Search Our Site


Qualities of Good Phenomena to Anchor 3D Learning

Developed in collaboration with Northeast Georgia RESA and Oconee River GYSTC

Search Phenomena Submit Phenomena What's the big deal about phenomena?
What makes a good phenomenon? Phenomenal Resources

What makes a good phenomenon?

Leading students to make sense of and explain phenomena is central to 3D science learning, so it is critical that teachers are able to recognize educationally productive phenomena.  Yet, anything that occurs in the natural world is a phenomenon.  A classroom phenomenon might be a case (pine beetle infestation, building a solution to a problem), something that is puzzling (why isn’t rainwater salty?), a wonderment (how did the solar system form?), a data set that reveals an important pattern (how have the number and types of species changed over time?), a discrepant event (how can a balloon stick to a wall without adhesive?), or an engineering problem (how can we design a chemical system to produce maximum product?).

So, how can you tell a good phenomenon from an unproductive one?  You should strive to select phenomena for your students to explore that meet as many of the following criteria as possible.  However, you should realize that few phenomena will meet all these criteria.  Criteria listed in bold italics are especially critical, though, and you should avoid phenomena that do not fulfill those particular requirements.

Qualities of a Good Phenomenon to Anchor 3D Science Learning

  • Fully addresses the core ideas of one or more GSE elements
    • An anchoring phenomenon for a coherent sequence of lessons (i.e., a storyline) should address multiple elements.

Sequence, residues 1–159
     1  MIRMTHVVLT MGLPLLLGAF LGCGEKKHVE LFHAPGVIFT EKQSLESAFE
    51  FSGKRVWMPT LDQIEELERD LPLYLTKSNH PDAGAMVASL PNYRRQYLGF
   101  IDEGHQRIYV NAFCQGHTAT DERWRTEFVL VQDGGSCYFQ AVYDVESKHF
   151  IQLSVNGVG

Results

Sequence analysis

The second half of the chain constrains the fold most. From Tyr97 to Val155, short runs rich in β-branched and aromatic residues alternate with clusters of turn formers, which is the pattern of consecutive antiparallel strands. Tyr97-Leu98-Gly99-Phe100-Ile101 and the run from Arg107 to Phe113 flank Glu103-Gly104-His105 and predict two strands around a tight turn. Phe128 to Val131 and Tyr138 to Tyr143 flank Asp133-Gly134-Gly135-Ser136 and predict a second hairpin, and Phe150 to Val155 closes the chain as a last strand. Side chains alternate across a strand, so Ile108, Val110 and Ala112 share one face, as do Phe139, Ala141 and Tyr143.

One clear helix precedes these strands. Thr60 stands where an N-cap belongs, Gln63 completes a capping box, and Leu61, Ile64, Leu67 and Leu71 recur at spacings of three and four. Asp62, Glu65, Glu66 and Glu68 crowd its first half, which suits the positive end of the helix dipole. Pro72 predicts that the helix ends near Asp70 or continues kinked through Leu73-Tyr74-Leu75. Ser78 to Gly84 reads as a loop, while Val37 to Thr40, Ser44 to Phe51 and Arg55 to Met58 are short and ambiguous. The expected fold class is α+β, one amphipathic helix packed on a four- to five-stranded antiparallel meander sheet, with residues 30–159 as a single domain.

• A secondary, or lesson-level, phenomenon should fully address a single element.
  • Observable to students, either through firsthand experiences or through someone else’s experiences
    • Observable can be with the aid of demonstrations, video presentations, scientific procedures (e.g., in the lab) or technological tools and devices to see things at very large and very small scales (telescopes, microscopes) or to surface patterns in data.
  • Attention getting, thought provoking and requires some explanation so that it is likely to engage all students and motivate them to focus on the GSE element(s)
    • A phenomenon can engages students by connecting to their interests, identities, backgrounds, and prior experiences.
  • Drives students to ask questions, engage in science and engineering practices, and apply crosscutting concepts as they make sense of and explain the phenomenon or develop a solution to an engineering problem
  • A specific, contextualized instance that occurs in the real world and that allows students to generalize their learning across multiple, specific phenomena
  • Comprehensible to students but too complex for students to explain or design a solution for after a single lesson.
    • The explanation is just beyond the reach of what students can figure out without instruction.
    • Searching online will not yield a quick answer for students to copy (i.e., not easily “Googleable”).
  • Has an audience or stakeholder community that cares about the findings or products.
  • Efficient in that the benefits justify any financial costs and/or time devoted to using the phenomenon with students.

Adapted from: